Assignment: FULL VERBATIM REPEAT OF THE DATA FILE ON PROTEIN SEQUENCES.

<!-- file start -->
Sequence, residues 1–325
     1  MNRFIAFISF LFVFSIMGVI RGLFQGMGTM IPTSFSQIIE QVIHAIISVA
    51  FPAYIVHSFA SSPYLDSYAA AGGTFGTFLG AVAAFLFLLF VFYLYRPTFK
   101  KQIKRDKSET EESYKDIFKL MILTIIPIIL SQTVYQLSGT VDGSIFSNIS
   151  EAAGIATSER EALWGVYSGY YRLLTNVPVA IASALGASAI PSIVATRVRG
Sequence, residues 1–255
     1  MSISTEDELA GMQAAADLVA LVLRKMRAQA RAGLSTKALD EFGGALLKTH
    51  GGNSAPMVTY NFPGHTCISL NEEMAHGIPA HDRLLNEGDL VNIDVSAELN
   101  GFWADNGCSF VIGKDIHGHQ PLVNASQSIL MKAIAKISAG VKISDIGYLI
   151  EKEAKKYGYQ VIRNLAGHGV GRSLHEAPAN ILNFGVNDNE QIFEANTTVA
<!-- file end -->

Sequence, residues 1–325
     1  MNRFIAFISF LFVFSIMGVI RGLFQGMGTM IPTSFSQIIE QVIHAIISVA
    51  FPAYIVHSFA SSPYLDSYAA AGGTFGTFLG AVAAFLFLLF VFYLYRPTFK
   101  KQIKRDKSET EESYKDIFKL MILTIIPIIL SQTVYQLSGT VDGSIFSNIS
   151  EAAGIATSER EALWGVYSGY YRLLTNVPVA IASALGASAI PSIVATRVRG
Sequence, residues 1–255
     1  MSISTEDELA GMQAAADLVA LVLRKMRAQA RAGLSTKALD EFGGALLKTH
    51  GGNSAPMVTY NFPGHTCISL NEEMAHGIPA HDRLLNEGDL VNIDVSAELN
   101  GFWADNGCSF VIGKDIHGHQ PLVNASQSIL MKAIAKISAG VKISDIGYLI
   151  EKEAKKYGYQ VIRNLAGHGV GRSLHEAPAN ILNFGVNDNE QIFEANTTVA